Wednesday, June 25, 2014
The goal of this project is to control an 8x8 matrix of RGB LEDs. Each dot in the matrix houses a red, green, and blue LED behind a semi-opaque lens. To produce colors we need to dim the LEDs different amounts. For instance to make sky blue we need a lot of blue, some green, and a little red. Unfortunately LEDs don't dim, they are either on or off, but we can produce a similar effect by blinking them very rapidly, controlling the amount of time they are on and off to create different intensities. To do this we need a fast way to control all 192 LEDs in the matrix. The matrix provides 32 pins on it for controlling the LEDs. Eight of the pins control which row is being controlled, and the other 24 control the RGB LEDs in each column (8 columns with 3 LEDs in each). Controlling 32 IOs is a daunting task for an embedded processor which typically have only a handful of GPIOs (General Purpose IOs). The PIC32 family has the needed IOs but using 32 leaves little else for other purposes. To get around this problem I used a serial-load parallel-out shift register. Read after the break to see how it all works.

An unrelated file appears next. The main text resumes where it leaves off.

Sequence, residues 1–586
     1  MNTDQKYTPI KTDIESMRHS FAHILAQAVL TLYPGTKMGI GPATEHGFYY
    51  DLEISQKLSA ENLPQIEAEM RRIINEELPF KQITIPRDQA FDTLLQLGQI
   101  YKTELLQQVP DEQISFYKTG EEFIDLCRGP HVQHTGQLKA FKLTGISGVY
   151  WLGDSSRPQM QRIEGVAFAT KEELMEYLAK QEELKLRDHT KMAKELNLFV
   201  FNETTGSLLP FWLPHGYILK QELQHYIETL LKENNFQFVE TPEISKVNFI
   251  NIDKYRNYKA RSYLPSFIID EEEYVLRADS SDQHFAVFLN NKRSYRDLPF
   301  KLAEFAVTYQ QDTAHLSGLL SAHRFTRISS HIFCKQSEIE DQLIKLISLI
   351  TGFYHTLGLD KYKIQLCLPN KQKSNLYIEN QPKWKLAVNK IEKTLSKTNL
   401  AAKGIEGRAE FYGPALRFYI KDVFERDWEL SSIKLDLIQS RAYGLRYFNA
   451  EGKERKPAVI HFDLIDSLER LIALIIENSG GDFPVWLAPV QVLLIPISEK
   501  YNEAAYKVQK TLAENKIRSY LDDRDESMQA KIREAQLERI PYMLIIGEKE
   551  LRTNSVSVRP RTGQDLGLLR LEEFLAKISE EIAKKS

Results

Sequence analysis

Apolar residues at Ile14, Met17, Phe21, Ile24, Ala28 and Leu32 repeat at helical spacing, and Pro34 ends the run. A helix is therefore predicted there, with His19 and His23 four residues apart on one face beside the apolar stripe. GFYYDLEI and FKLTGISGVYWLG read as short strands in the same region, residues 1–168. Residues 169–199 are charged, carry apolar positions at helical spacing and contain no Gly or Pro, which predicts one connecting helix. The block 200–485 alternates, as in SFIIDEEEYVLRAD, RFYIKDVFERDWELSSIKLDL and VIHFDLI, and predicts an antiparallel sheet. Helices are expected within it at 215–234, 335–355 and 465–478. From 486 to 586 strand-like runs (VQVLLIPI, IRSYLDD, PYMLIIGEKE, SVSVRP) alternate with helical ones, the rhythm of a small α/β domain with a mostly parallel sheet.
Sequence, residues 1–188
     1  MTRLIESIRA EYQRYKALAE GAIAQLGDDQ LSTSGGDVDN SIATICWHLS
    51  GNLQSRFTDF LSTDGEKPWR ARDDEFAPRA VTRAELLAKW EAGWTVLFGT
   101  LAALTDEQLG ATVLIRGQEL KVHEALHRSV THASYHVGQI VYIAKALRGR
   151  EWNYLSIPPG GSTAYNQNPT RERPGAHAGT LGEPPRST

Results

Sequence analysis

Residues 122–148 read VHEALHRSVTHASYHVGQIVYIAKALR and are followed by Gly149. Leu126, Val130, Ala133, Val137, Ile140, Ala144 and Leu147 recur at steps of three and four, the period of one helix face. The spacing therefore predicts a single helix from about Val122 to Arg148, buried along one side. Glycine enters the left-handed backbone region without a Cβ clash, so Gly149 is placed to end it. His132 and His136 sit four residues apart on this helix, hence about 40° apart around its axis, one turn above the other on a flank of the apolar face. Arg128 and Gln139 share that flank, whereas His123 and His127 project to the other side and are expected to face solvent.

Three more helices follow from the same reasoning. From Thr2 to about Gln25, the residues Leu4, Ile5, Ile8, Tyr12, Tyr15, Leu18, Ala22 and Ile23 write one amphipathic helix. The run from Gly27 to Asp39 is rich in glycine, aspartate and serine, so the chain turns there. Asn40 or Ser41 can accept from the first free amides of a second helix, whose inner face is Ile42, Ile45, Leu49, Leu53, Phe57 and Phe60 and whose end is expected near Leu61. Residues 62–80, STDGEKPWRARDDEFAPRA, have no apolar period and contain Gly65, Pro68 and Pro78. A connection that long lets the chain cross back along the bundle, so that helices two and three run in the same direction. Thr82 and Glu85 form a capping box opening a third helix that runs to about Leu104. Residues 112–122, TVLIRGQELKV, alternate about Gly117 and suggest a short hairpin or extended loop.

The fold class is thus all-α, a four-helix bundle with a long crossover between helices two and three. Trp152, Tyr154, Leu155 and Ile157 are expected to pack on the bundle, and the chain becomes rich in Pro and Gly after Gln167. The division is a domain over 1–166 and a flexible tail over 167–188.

Thursday, May 22, 2014
I was recently given the privilege to present one of my Embedded Projects at the Cape Cod Mini-Maker Faire. The faire was organized by the Cape Cod Makers, a group I have now happily joined. The project displayed is called SenseMesh, a ZigBee based network of sensor nodes feeding real-time data to a Windows PC.
Wednesday, March 5, 2014
I supported another excellent KickStarter project called MicroView. The project plans to build an Arduino with a small OLED display in a ridiculously small form-factor. I can imagine using this in wearable computing, where a small form-factor would be a real boon. After the KickStarter campaign completes the MicroView will be available for purchase over at SparkFun.